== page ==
She was good to me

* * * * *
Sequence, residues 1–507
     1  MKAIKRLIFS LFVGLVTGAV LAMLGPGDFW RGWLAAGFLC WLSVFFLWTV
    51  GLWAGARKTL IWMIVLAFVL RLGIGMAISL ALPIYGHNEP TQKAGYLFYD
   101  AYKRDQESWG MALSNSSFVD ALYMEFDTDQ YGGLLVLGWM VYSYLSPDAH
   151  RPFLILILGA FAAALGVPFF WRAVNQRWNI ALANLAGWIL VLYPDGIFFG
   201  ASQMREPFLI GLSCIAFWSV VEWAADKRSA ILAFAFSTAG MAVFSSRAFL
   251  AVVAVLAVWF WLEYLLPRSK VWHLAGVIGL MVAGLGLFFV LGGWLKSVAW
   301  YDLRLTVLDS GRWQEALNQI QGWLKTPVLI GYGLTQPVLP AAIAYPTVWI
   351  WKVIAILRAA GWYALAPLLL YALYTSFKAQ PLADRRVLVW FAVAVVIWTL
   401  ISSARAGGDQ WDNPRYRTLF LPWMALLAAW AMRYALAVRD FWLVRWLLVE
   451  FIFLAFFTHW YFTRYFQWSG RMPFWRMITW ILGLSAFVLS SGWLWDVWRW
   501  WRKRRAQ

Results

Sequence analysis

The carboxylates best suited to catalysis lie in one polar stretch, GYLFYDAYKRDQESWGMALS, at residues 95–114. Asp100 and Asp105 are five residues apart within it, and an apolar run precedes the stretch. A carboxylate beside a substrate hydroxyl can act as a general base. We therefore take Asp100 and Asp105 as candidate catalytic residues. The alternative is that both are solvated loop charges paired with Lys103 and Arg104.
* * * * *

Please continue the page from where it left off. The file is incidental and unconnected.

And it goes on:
She was good to me. She helped me when I was in a hard place. She got me through a bad time in my life. She encouraged me when I was down. She took care of me when I didn’t even know I needed it. She saved me a seat when nobody else would. She was such a good friend. She was good to me. Mazie Tubbs Aldrich was born on October 5, 1959 to William Richard and Mable Selby Tubbs. The youngest of eight children, I guess perhaps, well surely, she must have been spoiled just a little. Sisters who were teenagers at the time of her arrival spent their paychecks on cute clothes for the baby of the family. Granny worked in the cotton fields picking with one sack, and using another for Mazie to sit on as Granny dragged her up and down the rows. She was raised at Ridgedale in a tight-knit family and community, running closely alongside many special nieces and nephews that were closer in age to her than her siblings. As with any family, there were easy times, hard times, good times and bad times, but they always stuck through it together. Mazie spent many years as a stay-at-home mother raising her two children, Keri and Brad. She was the kind of mom who was there for every single thing – every heartache, every victory, every game. Every. Single. Thing. She was always the calming voice of reason and assurance, no matter the circumstance. She was the rock so to speak, consistent in love and encouragement, and when needed discipline, too. When circumstances of life made it necessary, she re-entered the workforce. Always an avid photographer, it was only natural that she started out taking photographs for the newspaper. She worked hard and earned promotions, moving to the position of reporter and eventually managing editor. On January 1, 2003, Mazie married her best friend and true love, Scott in a small ceremony surrounded by family. They enjoyed life together, whether it was on a traveling adventure or simply being with each other at home. Together, they worked to create Aldrich Publishing and produced a local hunting and fishing magazine, The Sportsman’s Journal, which was distributed throughout North Alabama. Soon thereafter, Mazie and Scott had a vision for something more that they worked to carry out, and on July 13, 2006 they published the first issue of The Clarion newspaper. She had a way with words and telling the things that needed to be told. She knew when to speak, and she knew when silence was best. Through the years at The Clarion several have come and gone through the desk chairs, many leaving as family rather than employees. Only a few months ago in July, as Mazie was training her new editorial assistant, she had her change the volume number at the top of the front page. “Volume 14,” she said. “Do you know what that means? That means it’s been 14 years since people told us we’d fail.” Failure was never an option. Mazie and her family worked hard, establishing a community newspaper and creating relationships with the community she loved and served. We will continue her legacy and her work. It’s what she wanted and would have expected from all of us. She was “Mama Mazie” or a second mom to so many, often sought by those around her to provide wise council, support and encouragement through life’s tests and trials. Kindness and generosity seemed to flow from her naturally. She always had a heart to help folks when they were down, and she did just that, always quietly behind the scenes and never seeking recognition. Among all of the attributes and qualities that made Mazie so good, was one which was more important than all the rest – her faith. She believed that by the grace of God, and through faith, that she’d been bought by the saving blood of Jesus Christ. That, my friends, is the backbone of what made her such a good and faithful servant. In early October of this year, shortly after her 60th birthday,  Mazie was diagnosed with ovarian cancer. She fought, with her family by her side, through a grueling surgery and recovery. Although she tried to beat it, this enemy, a rare and aggressive form of ovarian cancer, would ultimately prove to be too much. Just a few short weeks after her diagnosis, on Sunday, November 24, 2019 Mazie was called home to be with Jesus. Funeral services were held Wednesday, November 27, 2019 at Scottsboro Funeral Home. Bro. Joey Carroll officiated. Interment followed at Pinehaven Memorial Gardens. Mazie is survived by her husband, Scott Aldrich; her children, Keri (Bradley) Coots and Brad (Esther) Smith; granddaughter, Adelyn Coots; sisters, Phyllis Jordan and Marie Rollins; brothers, Charles (Carolyn) Tubbs, Mack (Josie) Tubbs and David (Martha) Tubbs; and many nieces, nephews and close friends. She was preceded in death by her parents, William Richard and Mable Selby Tubbs; and brothers, George Tubbs and Joe Tubbs. In lieu of flowers, donations may be made to Jackson County Coalition against Domestic Violence, 102 Worthington St., Scottsboro, Ala. 35768 I knew when she passed that I wanted and needed to write something special to honor Mazie, my best friend, my Mom. We had a bond that was truly special. We could communicate without ever speaking a word. We’d show up to work wearing the same outfit. We’d talk about the previous day and realize we’d been doing the exact same things at the exact same time, and then we’d giggle about it. She taught me so many things, maybe most importantly, how to be a good mom. She loved being “Gah” to my sweet Adelyn Grace. I’d never seen Mom gush so much as she did over my baby girl. That may be what I’ll miss the most. What a struggle it is to put words on a page and attempt to condense an entire life into a few short paragraphs. There simply isn’t enough room within these pages.  What a life it was that Mom had, a life lived well, and a life gone far too soon. As I struggled within myself to come up with the words, adequate enough to honor my Mom, many of you spoke those words to me at her visitation last Tuesday night. She was good to me. She helped me when I was in a hard place. She got me through a bad time in my life. She encouraged me when I was down. She took care of me when I didn’t even know I needed it. She saved me a seat when nobody else would. She was such a good friend. She was good to me. Written by Mazie’s daughter, Keri Coots Originally Published 12/4/19